Later, sometime in the fourteenth century, it was legally decided — and we see in this an early example of that precision of statement and clarity of thought which so distinguishes legal decisions — that three barleycorns should make an inch. The corns were to be dry, round, medium-sized, and laid end to end! Thirty-six barleycorns made one foot and 108 corns a yard. It would take 200,000 barleycorns, more or less, to measure a mile; but it is doubtful if anyone ever tried it. The French did better, for they had what they called a pouce, a thumb’s breadth; but just whose thumb was used, deponent saith not.
In 1818 the Royal Society said it was shameful not to have a standard yard; and after some eight years of painful deliberation a standard yard was established. This was the distance between two gold studs in a brass bar, which dated back to 1760. At last Englishmen had, so the warrant read, ‘the original and genuine standard of that measure of length or linear extension called a yard.’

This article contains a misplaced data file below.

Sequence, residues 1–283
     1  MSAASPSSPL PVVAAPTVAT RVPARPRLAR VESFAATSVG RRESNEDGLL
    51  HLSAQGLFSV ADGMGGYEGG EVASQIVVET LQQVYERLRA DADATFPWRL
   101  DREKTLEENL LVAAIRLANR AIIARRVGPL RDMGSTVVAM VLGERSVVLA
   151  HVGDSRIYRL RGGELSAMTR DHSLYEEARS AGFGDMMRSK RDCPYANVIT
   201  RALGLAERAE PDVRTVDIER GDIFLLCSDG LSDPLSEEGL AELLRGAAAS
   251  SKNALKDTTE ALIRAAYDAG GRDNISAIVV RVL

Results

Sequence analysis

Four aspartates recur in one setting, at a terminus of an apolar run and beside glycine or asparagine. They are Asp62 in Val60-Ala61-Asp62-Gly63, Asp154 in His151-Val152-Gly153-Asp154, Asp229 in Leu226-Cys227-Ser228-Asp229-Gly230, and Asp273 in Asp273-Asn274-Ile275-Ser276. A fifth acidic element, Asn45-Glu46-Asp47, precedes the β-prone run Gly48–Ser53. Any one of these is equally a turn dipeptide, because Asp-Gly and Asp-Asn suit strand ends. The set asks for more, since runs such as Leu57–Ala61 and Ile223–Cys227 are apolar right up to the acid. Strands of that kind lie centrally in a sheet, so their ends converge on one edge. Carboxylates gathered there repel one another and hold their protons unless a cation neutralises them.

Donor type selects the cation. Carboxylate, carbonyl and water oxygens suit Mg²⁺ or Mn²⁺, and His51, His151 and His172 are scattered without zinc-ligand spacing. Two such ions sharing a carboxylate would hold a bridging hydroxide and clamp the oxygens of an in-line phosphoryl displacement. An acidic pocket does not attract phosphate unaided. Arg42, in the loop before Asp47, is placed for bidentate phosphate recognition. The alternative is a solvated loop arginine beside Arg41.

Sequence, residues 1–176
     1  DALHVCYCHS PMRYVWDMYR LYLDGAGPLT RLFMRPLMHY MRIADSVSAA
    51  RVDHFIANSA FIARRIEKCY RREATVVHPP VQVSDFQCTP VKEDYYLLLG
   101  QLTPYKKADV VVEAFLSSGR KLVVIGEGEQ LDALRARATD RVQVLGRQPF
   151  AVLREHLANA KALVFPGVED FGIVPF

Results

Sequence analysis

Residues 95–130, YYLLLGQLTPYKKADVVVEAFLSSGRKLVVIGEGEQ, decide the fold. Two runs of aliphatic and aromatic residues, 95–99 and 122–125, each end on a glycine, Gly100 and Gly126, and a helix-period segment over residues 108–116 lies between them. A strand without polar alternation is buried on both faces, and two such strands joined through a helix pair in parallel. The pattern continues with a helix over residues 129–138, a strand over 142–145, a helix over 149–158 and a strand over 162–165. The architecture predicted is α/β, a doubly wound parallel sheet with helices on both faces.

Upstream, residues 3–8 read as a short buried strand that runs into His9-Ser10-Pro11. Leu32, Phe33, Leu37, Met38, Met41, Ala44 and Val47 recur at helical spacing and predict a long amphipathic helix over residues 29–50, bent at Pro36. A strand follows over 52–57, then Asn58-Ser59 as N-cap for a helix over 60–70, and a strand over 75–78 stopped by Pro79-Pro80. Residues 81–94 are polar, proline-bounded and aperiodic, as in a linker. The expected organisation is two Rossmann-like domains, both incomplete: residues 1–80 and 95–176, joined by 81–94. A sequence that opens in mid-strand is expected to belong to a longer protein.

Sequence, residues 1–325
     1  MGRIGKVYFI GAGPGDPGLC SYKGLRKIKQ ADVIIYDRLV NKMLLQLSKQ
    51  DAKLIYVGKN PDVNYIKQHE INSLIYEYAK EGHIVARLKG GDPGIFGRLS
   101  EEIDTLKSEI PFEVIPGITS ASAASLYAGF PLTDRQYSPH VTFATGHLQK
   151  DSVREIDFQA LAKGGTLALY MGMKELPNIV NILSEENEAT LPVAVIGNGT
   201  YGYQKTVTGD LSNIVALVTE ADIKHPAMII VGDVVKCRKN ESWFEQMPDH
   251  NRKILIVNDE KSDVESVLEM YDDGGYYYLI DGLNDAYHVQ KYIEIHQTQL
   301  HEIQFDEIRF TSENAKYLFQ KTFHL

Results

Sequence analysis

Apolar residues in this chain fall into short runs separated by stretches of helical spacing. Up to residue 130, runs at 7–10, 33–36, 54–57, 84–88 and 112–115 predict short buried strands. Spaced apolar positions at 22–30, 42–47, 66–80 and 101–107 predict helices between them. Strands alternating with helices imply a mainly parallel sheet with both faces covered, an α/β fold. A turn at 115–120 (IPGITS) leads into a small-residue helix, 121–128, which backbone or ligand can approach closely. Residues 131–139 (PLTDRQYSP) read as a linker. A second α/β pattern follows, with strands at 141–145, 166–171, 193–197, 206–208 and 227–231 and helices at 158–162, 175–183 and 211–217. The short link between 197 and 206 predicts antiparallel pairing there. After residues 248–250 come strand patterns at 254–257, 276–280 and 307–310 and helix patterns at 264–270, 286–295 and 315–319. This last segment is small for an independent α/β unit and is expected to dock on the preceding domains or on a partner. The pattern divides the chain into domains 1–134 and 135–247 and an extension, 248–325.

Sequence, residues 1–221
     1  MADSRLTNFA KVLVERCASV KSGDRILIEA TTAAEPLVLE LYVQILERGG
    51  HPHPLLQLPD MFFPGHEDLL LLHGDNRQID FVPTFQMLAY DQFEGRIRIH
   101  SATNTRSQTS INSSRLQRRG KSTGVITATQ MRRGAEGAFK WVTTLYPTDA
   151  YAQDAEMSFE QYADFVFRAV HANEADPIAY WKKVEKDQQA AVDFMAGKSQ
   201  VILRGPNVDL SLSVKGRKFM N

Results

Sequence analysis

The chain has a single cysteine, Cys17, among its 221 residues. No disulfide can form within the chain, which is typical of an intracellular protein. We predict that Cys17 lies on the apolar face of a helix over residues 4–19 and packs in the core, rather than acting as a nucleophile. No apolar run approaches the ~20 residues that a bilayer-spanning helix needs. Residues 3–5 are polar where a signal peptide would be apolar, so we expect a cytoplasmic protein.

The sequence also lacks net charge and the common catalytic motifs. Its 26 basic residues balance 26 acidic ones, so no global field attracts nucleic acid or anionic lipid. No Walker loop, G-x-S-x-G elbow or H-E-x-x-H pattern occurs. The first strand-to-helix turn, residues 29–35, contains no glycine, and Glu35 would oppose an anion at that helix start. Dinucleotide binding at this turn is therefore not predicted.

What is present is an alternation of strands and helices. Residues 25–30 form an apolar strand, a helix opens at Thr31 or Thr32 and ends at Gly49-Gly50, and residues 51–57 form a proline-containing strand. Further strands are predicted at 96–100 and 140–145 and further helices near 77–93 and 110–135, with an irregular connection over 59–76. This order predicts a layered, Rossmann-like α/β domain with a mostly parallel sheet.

This bar was given for safe-keeping into the custody of the Clerk of the House of Commons. So far, so good; and it would seem that the people of England had the elusive yard fairly well caged. But no. In 1834 the Houses of Parliament burned down and the standard yard was never seen again. It embraced the opportunity to do away with itself. An auto-da-fé. So did the standard pound and the standard gallon. There was no standard dram or it too would have gone up — not down — for keeps. Likewise there were no scruples; and there should have been no regrets. But the English are a persistent people and in those days were fond of their gill, dram, and gallon — likewise pound and yard. Hence in 1879 they legalized a choice assortment of measures and weights, calling them ‘Imperial.’ Some of the old units did not survive. They were mercifully massacred and few tears were shed. Fewer would have been shed if more of the ancients had been sacrificed. It was a splendid opportunity for a wholesale slaughter and complete wiping-out of the whole list. And the very first victims of the guillotine should have been the money units, in as much as decimal coinage already existed in the chief Dominions of the Empire. But no! They were allowed to escape!